District 1 incumbent council member J.D. Willis lost to challenger Mary Evans while Laurinburg voters also favored at-large challenger James Garby Jr. over incumbent Dee Hammond.
But incumbent Drew Williamson was able to keep his District 2 seat against three challengers Frank Evans, George Medlock and Brian Gainey.
School consolidation and LGC appeal
The Scotland County Schools Board of Education moved forward with Phase II and III of consolidation. Originally consolidation was only supposed to consist of two phases; however, after the school board was unable to come to a consensus on a site for the new school a third phase was added.
Phase II transformed into two additions to Sycamore Lane and Laurel Hill Elementary school — construction is slated to be completed by Aug. 1. The additions will house the students from Covington Street and North Laurinburg, which will be closing at the end of this school year. Starting in August, Covington Street will house Scotland Early College High School (SEarCH).
The financial proposal for Phase II was approved by the Local Government Commission in September but an appeal was submitted by Laurinburg Mayor Matthew Block — it was the first appeal of its kind ever filed with the LGC. Despite the appeal, the LGC approved the financing requested by the school district.
The school board then voted 5 to 3 in October to purchase a 30-acre plot of land located off Old John’s Road as the site for the new elementary school. Once constructed, the new elementary school will be house the students from South Scotland and I. Ellis Johnson Elementary schools.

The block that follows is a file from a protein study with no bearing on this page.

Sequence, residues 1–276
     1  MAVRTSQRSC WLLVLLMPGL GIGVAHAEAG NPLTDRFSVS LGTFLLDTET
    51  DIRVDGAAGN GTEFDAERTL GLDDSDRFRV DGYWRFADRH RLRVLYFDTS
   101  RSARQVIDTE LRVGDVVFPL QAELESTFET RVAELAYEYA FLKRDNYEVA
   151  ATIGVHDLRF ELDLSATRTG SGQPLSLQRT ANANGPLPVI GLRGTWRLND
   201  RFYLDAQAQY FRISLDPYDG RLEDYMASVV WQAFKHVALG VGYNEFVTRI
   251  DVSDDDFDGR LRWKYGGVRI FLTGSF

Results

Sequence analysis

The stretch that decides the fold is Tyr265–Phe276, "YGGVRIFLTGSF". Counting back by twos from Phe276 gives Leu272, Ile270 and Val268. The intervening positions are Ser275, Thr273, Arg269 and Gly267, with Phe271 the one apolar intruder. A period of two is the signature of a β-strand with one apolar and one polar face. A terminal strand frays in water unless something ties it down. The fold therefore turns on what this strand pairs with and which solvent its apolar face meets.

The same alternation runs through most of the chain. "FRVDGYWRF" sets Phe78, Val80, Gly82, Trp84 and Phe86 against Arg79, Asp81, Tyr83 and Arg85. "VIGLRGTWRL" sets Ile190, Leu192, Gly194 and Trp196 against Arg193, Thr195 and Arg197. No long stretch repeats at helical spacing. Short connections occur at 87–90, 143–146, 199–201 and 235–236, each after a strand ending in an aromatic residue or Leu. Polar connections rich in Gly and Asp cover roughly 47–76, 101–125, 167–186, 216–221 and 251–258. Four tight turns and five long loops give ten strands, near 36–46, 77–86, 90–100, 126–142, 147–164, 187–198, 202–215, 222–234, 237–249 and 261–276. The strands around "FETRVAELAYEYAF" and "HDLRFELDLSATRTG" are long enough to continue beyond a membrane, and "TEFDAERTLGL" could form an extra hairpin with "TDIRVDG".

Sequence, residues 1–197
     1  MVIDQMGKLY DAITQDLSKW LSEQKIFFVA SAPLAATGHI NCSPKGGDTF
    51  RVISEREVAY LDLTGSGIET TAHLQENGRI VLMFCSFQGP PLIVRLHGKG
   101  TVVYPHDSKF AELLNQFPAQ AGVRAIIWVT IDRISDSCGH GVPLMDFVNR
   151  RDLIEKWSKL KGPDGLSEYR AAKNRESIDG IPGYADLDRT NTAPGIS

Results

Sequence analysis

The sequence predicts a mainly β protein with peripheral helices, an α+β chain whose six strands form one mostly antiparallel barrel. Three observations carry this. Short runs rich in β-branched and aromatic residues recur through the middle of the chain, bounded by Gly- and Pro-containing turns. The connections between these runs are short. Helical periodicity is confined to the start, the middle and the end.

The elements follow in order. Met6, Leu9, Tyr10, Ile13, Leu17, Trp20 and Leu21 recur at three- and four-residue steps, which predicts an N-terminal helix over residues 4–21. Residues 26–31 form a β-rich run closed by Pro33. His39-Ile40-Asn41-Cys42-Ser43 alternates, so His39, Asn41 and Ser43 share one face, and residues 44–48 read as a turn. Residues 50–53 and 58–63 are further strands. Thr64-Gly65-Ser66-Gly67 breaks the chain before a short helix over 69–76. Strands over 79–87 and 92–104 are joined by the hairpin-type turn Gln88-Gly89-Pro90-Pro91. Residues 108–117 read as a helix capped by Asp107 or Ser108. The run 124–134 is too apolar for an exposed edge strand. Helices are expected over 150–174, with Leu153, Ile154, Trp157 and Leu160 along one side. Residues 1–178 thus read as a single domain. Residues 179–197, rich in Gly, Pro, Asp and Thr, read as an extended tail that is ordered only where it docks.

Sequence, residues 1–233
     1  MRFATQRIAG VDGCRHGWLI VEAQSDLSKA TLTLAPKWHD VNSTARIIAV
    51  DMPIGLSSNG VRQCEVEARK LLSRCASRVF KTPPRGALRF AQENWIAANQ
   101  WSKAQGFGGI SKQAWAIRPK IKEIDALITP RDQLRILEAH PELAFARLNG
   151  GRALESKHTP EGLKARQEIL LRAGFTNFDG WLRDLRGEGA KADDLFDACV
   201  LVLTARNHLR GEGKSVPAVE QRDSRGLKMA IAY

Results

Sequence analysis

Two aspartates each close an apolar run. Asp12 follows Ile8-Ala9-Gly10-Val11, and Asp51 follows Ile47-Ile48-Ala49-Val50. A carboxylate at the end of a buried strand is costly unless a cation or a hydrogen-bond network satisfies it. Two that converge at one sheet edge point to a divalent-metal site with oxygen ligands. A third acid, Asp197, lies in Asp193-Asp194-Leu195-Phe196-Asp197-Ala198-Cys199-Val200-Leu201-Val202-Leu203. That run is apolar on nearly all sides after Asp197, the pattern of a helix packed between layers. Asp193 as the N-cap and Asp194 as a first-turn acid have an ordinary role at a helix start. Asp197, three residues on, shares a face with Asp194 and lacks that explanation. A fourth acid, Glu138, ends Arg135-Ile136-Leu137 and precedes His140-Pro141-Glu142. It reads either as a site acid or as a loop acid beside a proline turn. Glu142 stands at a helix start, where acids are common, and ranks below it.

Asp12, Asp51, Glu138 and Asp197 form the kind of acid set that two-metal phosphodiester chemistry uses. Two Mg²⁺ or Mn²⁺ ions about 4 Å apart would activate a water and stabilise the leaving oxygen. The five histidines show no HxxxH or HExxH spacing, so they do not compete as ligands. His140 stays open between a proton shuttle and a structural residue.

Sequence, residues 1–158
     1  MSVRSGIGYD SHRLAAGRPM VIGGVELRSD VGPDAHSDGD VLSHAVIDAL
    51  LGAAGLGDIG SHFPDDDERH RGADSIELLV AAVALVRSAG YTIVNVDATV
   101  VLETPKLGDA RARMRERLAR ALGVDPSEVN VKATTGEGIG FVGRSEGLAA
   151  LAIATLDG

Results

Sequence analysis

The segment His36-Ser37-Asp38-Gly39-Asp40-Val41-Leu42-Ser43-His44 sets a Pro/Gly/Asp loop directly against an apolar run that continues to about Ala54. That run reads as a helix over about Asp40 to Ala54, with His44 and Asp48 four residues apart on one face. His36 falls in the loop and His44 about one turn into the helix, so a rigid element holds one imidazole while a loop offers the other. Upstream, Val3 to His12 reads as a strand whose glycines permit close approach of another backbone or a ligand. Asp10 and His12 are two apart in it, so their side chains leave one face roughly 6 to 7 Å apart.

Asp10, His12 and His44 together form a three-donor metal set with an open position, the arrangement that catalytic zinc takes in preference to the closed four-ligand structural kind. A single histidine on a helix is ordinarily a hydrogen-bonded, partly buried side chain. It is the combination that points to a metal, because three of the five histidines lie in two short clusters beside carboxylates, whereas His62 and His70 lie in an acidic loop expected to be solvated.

Armory lead contamination
In March, it was announced that the National Guard Armory in Laurinburg will be closed indefinitely to the public because of a lead contamination.
Capt. Matt Boyle with the North Carolina National Guard said that no airborne lead had been found at the local facility but that traces of lead were found on surfaces. The contamination is the result of weapons discharged during past training exercises at the facility’s indoor firing range.
No lead-related illnesses have been reported in connection to the local armory. Boyle said the building was closed to the public due to the remote possibility that small children and the elderly could be affected.
Due to the building being closed to the public, the Kiwanis Club was forced to cancel its annual pancake breakfast fundraiser and voters in Precinct 4 had to find a new polling location. The 3,477 voters that make up Precinct 4 were moved to the South Scotland Fire Station, which is located behind the armory.